Coated Guitar Strings: Are They Right For You?

Coated Guitar Strings: Are They Right For You?

If you’ve ever gone shopping for new strings (and I’m going to go ahead and assume you have), chances are you’ve seen some coated guitar strings on the shelf before. Whether you are a beginner to the world of guitar or a total expert, it’s important to understand what guitar string coating is all about.

In theory, they seem like they’d be pretty awesome. When it comes to actually playing them, well, that ends up being a different story. Before we really dive too deep, it’s important to look at how the world of string coating came to be.

History of Coated Guitar Strings

Coated guitar strings came around the in the 1990s when guitarists were looking for a way to make their strings last longer, because let’s face it, changing your strings is a pain. And until someone comes up with an easier and faster way of doing it, it will always continue to be a pain.

Guitarists were frustrated with buying a new set of strings and having them go dead after a few gigs due to the wrap wires being very susceptible to corrosion from sweat and the oils in their skin (as well as natural oxidation).

Cross section of a coated guitar string. Image from

In order to combat all of this, some companies starting creating strings with a thin layer of polytetrafluoroethylene, more commonly referred to as Teflon®. This barrier helped to keep players’ fingers and their sweat and oils from coming in direct contact with the strings. It also stopped the oxygen in the air from coming in contact with the wrap wire to help minimize corrosion.

Pros and Cons of Coated Guitar Strings

As with everything in life, coated guitar strings have their benefits and their drawbacks. The main benefit of them is they last longer than their uncoated counterparts. This is because they are no longer able to build up the same amount of dirt and grime as quickly and they are resistant to corroding. Since they’re are no longer the little valleys created by the wrap wire, finger noise is reduced to a minimum. This is a big plus for acoustic players that are using very close miking techniques.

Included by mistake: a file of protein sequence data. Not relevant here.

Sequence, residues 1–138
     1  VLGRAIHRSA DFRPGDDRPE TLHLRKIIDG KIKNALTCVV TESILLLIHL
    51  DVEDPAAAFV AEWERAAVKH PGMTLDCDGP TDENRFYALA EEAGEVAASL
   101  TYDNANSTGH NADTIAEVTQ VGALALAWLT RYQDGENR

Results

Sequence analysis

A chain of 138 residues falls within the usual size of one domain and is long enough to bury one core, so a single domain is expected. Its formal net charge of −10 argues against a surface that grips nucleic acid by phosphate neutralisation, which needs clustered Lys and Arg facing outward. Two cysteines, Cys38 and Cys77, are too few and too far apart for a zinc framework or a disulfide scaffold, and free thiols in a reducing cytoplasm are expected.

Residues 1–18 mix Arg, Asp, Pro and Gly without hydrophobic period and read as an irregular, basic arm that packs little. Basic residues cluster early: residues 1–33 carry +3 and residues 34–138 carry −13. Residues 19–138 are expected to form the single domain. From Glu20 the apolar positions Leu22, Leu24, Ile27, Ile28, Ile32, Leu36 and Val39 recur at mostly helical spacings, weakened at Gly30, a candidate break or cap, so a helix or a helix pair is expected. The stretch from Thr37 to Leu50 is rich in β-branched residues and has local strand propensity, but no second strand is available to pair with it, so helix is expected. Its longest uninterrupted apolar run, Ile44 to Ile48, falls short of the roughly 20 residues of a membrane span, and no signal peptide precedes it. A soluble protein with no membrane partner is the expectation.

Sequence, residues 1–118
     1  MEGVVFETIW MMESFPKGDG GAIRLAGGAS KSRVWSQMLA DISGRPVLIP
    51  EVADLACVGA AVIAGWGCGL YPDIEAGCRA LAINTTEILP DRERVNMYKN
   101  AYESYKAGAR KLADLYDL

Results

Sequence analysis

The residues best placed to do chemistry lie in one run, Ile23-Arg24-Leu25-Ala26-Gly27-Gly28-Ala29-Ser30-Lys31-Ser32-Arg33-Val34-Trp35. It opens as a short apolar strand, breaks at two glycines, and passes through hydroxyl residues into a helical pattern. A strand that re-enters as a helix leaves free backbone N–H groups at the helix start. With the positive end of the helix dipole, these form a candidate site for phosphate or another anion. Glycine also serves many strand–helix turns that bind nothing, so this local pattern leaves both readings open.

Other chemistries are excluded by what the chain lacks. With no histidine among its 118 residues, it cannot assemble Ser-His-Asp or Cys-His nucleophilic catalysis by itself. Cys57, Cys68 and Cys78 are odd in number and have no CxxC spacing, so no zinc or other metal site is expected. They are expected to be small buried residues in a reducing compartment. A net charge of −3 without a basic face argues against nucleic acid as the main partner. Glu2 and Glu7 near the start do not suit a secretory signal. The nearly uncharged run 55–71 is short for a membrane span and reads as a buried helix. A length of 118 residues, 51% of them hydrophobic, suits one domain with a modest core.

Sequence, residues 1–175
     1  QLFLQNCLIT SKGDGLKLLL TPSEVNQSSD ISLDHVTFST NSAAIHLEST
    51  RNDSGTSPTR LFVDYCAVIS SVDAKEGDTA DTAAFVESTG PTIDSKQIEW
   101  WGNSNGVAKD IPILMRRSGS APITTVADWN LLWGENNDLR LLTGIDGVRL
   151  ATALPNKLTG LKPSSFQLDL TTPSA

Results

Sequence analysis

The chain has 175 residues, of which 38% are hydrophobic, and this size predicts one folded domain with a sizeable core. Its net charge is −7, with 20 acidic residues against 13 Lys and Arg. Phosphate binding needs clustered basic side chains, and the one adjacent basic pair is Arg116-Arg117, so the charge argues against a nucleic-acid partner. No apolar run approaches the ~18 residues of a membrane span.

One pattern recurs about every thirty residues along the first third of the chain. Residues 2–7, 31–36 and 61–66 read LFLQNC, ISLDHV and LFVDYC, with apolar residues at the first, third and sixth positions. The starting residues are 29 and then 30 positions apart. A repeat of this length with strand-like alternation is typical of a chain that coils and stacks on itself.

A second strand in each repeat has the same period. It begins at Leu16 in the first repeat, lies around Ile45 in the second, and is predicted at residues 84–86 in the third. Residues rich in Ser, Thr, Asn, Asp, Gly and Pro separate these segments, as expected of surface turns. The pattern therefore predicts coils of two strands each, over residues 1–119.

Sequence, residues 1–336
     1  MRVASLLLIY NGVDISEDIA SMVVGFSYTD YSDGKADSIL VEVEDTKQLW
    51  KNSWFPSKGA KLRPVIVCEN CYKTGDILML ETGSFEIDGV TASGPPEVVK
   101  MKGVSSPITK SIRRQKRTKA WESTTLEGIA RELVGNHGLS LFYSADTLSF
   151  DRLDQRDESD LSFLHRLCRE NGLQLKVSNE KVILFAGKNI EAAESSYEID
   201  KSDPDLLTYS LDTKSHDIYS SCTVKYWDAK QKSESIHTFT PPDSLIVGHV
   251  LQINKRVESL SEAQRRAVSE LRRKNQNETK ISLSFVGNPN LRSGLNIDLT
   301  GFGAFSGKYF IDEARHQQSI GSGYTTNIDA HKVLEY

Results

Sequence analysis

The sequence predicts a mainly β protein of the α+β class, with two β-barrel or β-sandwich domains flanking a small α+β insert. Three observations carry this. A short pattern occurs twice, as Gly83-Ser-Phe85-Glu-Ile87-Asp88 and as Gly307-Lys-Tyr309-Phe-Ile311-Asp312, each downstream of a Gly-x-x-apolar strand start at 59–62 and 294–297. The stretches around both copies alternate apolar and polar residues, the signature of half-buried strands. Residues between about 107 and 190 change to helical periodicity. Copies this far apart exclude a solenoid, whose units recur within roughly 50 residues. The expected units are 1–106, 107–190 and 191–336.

So while all this sounds great, the big drawback of coated guitar strings is in the tone department. Coated guitar strings have lower output and reduced sustain—and while this is a bit subjective, many players find their tone to have a plasticky character to it. See, while that tiny barrier of Teflon® on there is great for keeping those strings clean, it’s also limiting how much the string can vibrate, which is ultimately the string’s main job at the end of the day. They’re also going to have a totally different feel to them. Most players report they have a slippery feel which some players enjoy and others abhor, it all comes down to preference.

Where Do We Stand?

To us, the sound and feel of uncoated strings is just too good to pass up. That’s why all of our strings are uncoated, but many of our customers report Stringjoy strings last longer than any other uncoated strings they’ve played before.

There are, however, a few things you can do to keep your uncoated strings in tip-top shape and make sure they sound and play their best, so you can have excellent string-life, without having to sacrifice output or sustain:

  • You can wash and dry your hands before playing your guitar. This way, any dirt or oils that may be on your hands will be washed away before they even get a chance to touch your strings.
  • You can wipe down your strings with a soft cloth both before and after playing. Any sweat had accumulated while playing will be wiped away so it’s not eating away at your strings while its not being played.
  • You can also keep your guitar in its case when not in use to help minimize the effects your environment might have.
  • Lastly, and this is more for entertainment value, but you can always boil your current set of strings in hot water. Just make sure you take them off of your guitar before throwing them in pot!


  1. Boil the strings? That's a technique I've missed. I assume yoi mean after wear and not prior to use. And what material do you recommend for life of strings? 80/20s or phosphor-bronze? .Thank you for creating this site.

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